In 1989, Yusuf Islam enthusiastically endorsed the Ayatollah Khomeini’s death fatwa against Salman Rushdie for insulting Islam: “Cat Stevens Gives Support To Call for Death of Rushdie,” by Craig R. Whitney in the New York Times, May 23, 1989:
TONDON [sic], May 22 — The musician known as Cat Stevens said in a British television program to be broadcast next week that rather than go to a demonstration to burn an effigy of the author Salman Rushdie, ”I would have hoped that it’d be the real thing.”…
And in 2010, there were posted on YouTube two “Classic Yusuf Islam Nasheeds without Music.” A nasheed is a song praising Allah or Islam in some way. Nasheeds are usually sung a cappella or with percussion accompaniment only, and according to most Islamic authorities they’re the only kind of music allowed under Islamic law. At minute 2:02 of the first nasheed (video below), Yusuf Islam, the former Cat Stevens, sings:
What are you saying?
What are you saying?
I’m praying to Allah
To give us victory
Over the kuffar.
“I’m praying to Allah to give us victory over the kuffar” (unbelievers)? When have you ever heard a Jew or a Christian praying for victory over the unbelievers? The supremacism and hatred is open and unapologetic, and especially piquant coming the former Mr. Peace Train himself, who has for years cultivated an image as a benign, peaceful, cuddly, peace-and-love-hippie Muslim.
“Questions remain over Cat Stevens’ connections to radical Muslims,” by Andrea Peyser, New York Post, December 11, 2014 (thanks to Twostellas):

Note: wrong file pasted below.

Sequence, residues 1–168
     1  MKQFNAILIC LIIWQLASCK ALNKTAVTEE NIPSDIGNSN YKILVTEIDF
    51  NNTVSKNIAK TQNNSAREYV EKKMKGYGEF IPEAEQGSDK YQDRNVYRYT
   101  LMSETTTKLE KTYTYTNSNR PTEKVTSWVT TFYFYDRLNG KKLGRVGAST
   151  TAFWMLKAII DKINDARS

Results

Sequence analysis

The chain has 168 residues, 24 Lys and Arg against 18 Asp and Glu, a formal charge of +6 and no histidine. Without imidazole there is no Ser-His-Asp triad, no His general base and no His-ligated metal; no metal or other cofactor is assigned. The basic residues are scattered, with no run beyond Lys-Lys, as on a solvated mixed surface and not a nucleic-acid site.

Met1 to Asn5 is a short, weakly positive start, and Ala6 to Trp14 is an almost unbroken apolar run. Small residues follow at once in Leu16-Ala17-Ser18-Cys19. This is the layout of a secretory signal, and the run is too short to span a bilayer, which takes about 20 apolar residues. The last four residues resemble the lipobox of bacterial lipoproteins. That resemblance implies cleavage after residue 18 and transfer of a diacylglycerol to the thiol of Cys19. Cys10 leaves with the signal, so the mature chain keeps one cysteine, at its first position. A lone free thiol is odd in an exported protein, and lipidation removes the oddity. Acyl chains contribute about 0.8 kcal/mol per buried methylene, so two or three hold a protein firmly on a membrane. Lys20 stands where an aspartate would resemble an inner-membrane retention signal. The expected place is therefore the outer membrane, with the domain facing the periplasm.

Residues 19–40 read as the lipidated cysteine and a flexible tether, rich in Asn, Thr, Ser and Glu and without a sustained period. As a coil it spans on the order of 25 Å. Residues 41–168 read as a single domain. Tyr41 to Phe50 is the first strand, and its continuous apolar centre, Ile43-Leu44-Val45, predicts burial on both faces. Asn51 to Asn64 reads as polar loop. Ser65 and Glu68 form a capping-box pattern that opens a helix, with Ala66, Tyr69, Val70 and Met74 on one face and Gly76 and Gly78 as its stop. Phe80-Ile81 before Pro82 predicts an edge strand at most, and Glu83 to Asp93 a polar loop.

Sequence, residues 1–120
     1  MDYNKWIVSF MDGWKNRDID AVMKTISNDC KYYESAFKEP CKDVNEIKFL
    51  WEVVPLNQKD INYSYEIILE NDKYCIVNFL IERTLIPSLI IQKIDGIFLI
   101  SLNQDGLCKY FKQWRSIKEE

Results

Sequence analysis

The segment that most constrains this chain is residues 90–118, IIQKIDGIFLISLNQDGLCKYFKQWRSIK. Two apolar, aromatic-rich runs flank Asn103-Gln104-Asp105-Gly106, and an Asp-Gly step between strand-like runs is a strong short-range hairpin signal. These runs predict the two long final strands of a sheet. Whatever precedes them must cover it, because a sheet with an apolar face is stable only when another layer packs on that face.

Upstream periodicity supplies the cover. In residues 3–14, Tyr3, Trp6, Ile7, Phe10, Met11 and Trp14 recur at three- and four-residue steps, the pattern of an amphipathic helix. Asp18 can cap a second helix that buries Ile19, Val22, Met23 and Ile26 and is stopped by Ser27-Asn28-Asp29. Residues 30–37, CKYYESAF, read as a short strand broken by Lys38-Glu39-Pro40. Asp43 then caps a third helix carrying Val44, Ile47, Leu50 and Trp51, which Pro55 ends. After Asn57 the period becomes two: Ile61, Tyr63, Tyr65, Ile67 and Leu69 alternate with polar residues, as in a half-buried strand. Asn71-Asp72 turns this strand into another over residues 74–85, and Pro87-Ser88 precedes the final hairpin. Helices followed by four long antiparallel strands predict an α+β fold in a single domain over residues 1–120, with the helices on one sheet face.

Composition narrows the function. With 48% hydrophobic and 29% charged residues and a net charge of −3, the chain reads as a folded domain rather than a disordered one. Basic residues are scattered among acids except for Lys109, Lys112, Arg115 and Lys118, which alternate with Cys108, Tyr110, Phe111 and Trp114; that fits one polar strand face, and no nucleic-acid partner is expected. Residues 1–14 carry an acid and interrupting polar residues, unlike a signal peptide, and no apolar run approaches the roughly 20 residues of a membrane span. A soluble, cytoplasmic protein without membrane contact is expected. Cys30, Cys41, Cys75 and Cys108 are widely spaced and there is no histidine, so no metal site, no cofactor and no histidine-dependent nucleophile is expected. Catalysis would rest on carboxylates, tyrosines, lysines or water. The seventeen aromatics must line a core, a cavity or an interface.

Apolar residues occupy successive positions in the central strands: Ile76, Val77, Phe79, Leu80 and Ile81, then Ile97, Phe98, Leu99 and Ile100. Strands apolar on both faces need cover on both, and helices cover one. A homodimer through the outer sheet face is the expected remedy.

…Now 66, Yusuf/Stevens, who lives in London and Dubai, has demonstrated that he believes in radicalism and, allegedly, has given financial support to terrorists. But after listening to him speak on American TV this past weekend, you might think he was a victim of — what else? — the media.
“Yeah, I reckon the media has played kind of a nonpositive role in creating my image,” he said in a coming-out-again interview on “CBS Sunday Morning.’’
Before the married father of five’s foray into concert halls on his tour called “Peace Train . . . Late Again,’’ Yusuf/Stevens canceled a show scheduled to be staged last week at New York City’s Beacon Theatre, he said, to protest “extortionate’’ fees charged for tickets by scalpers. He promised to return to the city in the future. Yet I wonder how he would be received in a town brutalized by radical Islamic terrorists who flew airplanes into the World Trade Center on Sept. 11, 2001.
He was born Steven Georgiou to a Greek-Cypriot father and a Swedish mother in 1948. When he was known as Cat Stevens, he nearly drowned, he has claimed, while swimming in the surf off Malibu, Calif., in 1976. He said he shouted, “Oh, God! If you save me I will work for you,’’ then was carried ashore by a wave. His brother gave him a copy of the Koran. In 1977, he became a Muslim.
But he provoked outrage when, appearing on a British TV show in 1989, he seemed to support the Iranian fatwa calling for the death of British author Salman Rushdie, whose novel “The Satanic Verses’’ is considered blasphemous by some Muslims.
Asked if he’d attend a demonstration in which Rushdie was burned in effigy, he said, “I would have hoped that it’d be the real thing.’’
In 2000, Islam was booted from Israel after, officials said, the philanthropist delivered tens of thousands of dollars to the Palestinian terrorist group Hamas during a visit in 1988. Then in 2004, his flight from London to Washington, DC, was diverted to Bangor, Maine, where he was questioned by US officials, then shipped back to England after it was determined he was on the government’s “no fly’’ terrorist watch list.
A US government official said Islam was believed to have made donations that wound up supporting not only Hamas but Omar Abdel-Rahman, the blind Egyptian sheik convicted of seditious conspiracy for plotting to bomb New York City landmarks. (Islam said he never “knowingly’’ funded terrorists.)
Two years later, he was allowed to fly into the United States to conduct radio interviews for a new album. Earlier this year at Brooklyn’s Barclays Center, he was inducted into the Rock and Roll Hall of Fame and performed three songs….